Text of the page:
When I was a graduate student in 2009, I attended the annual international climate change negotiations known as the Conference of the Parties (COP), held in Copenhagen. Signs dotting the city proclaimed it “Hopenhagen,” raising the stakes for the event. Twelve years later, the stakes are far higher. COP26 wrapped up last month in Glasgow, and its modest steps toward tackling climate change were largely seen as underwhelming. The diplomacy and activism that takes place at these events are essential for putting pressure on world leaders to step up and offer more ambitious pledges for action. But, because these are voluntary and often non-binding agreements, they will never be enough on their own. Ultimately, we realize our global promises by advancing climate action at home. And here in Wisconsin and the United States, we are on the cusp of real progress.
In Wisconsin, a variety of climate solutions are moving forward, many inspired by recommendations from the Governor’s Task Force on Climate Change. Republican lawmakers have introduced two bills that would expand access to renewable energy by clarifying that third-party solar is legal and establishing community solar programs, and others that would facilitate the transition to electric vehicles (EVs) by investing in charging infrastructure and removing unnecessary barriers for purchasing EVs in our state. Democratic legislators just released the sweeping Forward on Climate package which includes bills addressing sustainable agriculture, energy efficiency, building energy codes, green job training, bike and pedestrian infrastructure, food waste reduction, urban forestry, and much more.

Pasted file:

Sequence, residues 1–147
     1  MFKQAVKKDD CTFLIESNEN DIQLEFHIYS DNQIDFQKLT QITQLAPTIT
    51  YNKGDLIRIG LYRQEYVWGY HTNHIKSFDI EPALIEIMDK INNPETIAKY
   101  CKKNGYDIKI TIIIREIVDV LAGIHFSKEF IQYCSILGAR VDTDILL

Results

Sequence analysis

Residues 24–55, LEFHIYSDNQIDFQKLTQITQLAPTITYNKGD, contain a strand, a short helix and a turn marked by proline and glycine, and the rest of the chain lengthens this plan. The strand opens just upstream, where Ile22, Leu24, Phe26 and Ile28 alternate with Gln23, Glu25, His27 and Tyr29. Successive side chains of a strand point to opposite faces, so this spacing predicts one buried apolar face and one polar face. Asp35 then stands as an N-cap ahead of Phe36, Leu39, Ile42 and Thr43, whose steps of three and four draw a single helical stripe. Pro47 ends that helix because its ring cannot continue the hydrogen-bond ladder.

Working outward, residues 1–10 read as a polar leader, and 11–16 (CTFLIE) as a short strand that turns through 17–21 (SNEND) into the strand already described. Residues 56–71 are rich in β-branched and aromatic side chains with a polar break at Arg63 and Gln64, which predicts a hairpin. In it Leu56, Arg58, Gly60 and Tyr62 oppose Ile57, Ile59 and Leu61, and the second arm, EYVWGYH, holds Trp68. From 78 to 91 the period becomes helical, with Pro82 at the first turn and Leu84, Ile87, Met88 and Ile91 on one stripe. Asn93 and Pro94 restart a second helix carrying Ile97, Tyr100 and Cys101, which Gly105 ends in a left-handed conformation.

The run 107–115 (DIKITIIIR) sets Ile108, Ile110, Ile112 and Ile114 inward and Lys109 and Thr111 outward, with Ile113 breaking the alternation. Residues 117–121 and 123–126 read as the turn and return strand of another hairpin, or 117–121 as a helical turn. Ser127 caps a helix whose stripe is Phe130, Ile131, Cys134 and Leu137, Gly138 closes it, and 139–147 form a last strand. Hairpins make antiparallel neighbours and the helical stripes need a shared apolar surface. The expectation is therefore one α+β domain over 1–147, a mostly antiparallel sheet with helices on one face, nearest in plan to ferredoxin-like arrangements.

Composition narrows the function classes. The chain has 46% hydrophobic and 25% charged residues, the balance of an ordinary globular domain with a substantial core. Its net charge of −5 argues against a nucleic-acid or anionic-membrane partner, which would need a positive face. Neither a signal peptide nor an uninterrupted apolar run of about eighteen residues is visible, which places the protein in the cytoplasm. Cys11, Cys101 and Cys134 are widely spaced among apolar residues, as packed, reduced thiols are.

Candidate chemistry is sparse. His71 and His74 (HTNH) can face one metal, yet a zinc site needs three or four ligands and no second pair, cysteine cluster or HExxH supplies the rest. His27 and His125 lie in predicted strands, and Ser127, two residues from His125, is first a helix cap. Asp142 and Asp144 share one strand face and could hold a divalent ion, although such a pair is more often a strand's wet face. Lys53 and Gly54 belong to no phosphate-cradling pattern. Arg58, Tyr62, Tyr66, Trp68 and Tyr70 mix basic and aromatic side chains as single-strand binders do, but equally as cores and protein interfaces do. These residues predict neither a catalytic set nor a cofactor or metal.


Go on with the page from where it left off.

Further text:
At the federal level, President Biden recently signed a $1 trillion bipartisan infrastructure bill into law which includes sizable funding for electric vehicle charging stations, electric school and transit buses, building weatherization, and climate resilience measures. And just last week, the U.S. House of Representatives passed the Build Back Better Act, which would devote even more resources to renewable energy, clean transportation, and climate-smart farming. The next hurdle for Build Back Better is to narrowly pass an evenly split Senate. An investment of this magnitude would be game changing, a forceful tug to correct the course of our worrying climate trajectory.
From “Hopenhagen” to Paris to Glasgow, we hang many of our collective hopes on these attention-grabbing, global moments. But to paraphrase NASA climate scientist Kate Marvel, we need courage, not hope, to solve the climate crisis. Disappointment in the shortcomings of a COP outcome isn’t an excuse for despair and paralysis. It’s an invitation to roll up our sleeves and do our part to take on this urgent problem, knowing that while we can’t avoid all the consequences we’ve already set into motion, we can still keep them from getting far worse. In Wisconsin, we need to encourage our state legislature to pass the bills that would propel our transition to renewable energy, clean transportation, and sustainable agriculture while improving community health and wealth. Federally, we’re on the verge of passing the most significant investment for addressing the climate crisis in American history. It’s imperative that Congress act to pass the Build Back Better Act, investing in a safer future for our country, planet, and children. Let’s seize these critical opportunities to lead so next year, when we return to the COP and global spotlight, we can reveal the ambitious steps we’ve taken and inspire others to do the same. Courage is contagious, and these homegrown actions can be pivotal for creating the collaborative global solutions that climate change demands.